Since the 1990s, charter schools have sprung up across America. Set up by non-profit groups such as parents, teachers and universities, they receive public money but are freed from certain rules and regulations, possessing greater autonomy than regular state schools. They two vital things: choice and competition. However, they have been criticized in a recent UCLA Civil Rights Project report for the racial segregation that they cause.

Original critics of charter schools worried that they would ‘cream off’ the brightest, more wealthy and predominantly white students. However, this never happened. 54% of charter school pupils qualify for free or reduced lunches, and black students account for 32% of charter school enrollment: twice their share of enrollment in regular public schools. Throughout the USA, ethnic minorities and low earners have been moving their children into charter schools. Dissatisfied by the one currently handed to them by the state, parents have been seeking to give their child a better education. Because of this, the concentration of particular ethnicities has risen. The UCLA’s study found that 70% of black charter students are in schools where over 90% of the student population is non-white- in comparison to only 36% black pupils in regular public schools.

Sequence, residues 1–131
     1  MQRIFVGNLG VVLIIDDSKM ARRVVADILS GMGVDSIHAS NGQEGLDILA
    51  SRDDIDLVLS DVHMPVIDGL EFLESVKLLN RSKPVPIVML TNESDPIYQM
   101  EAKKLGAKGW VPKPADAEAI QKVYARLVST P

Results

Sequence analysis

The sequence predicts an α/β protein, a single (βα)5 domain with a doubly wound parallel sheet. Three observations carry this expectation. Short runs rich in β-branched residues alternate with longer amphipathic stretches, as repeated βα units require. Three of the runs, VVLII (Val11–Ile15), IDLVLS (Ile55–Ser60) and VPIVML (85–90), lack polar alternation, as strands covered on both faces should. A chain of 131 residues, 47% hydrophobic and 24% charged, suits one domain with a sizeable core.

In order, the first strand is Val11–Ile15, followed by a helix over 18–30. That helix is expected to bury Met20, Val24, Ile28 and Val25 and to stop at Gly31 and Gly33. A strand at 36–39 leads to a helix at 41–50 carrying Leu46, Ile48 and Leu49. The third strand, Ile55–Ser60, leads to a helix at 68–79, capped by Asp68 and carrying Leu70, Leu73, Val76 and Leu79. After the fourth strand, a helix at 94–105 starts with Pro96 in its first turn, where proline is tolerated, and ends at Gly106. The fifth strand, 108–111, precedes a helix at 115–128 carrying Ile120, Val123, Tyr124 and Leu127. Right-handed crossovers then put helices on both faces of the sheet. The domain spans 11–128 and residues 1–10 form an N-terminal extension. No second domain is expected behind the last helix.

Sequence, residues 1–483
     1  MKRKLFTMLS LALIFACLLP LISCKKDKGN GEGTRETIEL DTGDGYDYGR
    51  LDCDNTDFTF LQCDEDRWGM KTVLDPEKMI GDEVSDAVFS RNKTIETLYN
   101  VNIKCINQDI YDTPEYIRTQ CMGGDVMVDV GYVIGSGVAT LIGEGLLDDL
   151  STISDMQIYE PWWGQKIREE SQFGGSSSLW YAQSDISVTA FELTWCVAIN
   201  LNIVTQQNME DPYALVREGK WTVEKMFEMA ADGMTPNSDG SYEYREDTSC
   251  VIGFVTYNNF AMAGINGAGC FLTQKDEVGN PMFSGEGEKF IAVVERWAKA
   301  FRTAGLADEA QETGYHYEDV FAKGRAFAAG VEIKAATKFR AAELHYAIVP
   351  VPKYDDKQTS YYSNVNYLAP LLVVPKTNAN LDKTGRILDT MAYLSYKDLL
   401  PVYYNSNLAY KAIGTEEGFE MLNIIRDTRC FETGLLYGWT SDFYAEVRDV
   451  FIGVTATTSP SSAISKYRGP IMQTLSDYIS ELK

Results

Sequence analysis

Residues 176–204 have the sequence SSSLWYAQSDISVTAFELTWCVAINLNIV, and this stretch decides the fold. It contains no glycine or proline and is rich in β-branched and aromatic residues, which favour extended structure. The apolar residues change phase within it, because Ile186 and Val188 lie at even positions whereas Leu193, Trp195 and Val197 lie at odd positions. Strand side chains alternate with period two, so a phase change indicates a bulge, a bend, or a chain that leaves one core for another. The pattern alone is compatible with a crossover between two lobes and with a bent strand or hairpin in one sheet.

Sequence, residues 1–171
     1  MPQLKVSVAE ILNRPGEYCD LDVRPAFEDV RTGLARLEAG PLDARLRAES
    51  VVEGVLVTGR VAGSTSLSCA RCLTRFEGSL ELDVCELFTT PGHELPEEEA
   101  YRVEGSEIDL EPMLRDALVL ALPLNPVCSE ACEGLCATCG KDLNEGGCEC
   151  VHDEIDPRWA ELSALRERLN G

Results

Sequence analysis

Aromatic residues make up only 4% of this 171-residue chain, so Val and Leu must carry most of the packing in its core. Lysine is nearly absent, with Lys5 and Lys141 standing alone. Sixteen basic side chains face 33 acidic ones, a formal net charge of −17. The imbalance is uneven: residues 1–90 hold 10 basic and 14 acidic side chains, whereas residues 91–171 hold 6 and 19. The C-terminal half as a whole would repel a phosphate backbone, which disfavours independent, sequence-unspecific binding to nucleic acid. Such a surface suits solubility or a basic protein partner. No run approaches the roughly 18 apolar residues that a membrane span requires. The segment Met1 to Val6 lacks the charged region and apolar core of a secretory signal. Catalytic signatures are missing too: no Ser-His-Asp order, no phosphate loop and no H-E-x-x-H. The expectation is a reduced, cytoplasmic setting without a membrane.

According to UCLA this is a cause for concern. Professor Gary Orfield, co-director of the Civil Rights Project insists that "the vision of a successfully integrated society…ought to be a defining characteristic of charter schools. Federal policy should make this a condition for charter school support”.This type of political posturing is not only infuriating but potentially damaging. Studies show that charter schools have been very successful in helping minority students. As many charter schools cater to their local community, the ethnic mix of pupils often reflects racially exclusive neighborhoods, not prejudice.

Threatening a school’s future just because they cannot attract the right mix of skin tones would be far from progressive, and would hinder those who require a decent education the most. Interfering in charter schools through politically motivated and discriminatory legislation undermines the very concept of an autonomous place of learning. charter schools should continue to focus on providing quality teaching to whoever walks through their door regardless of colour; their job is education, not integration.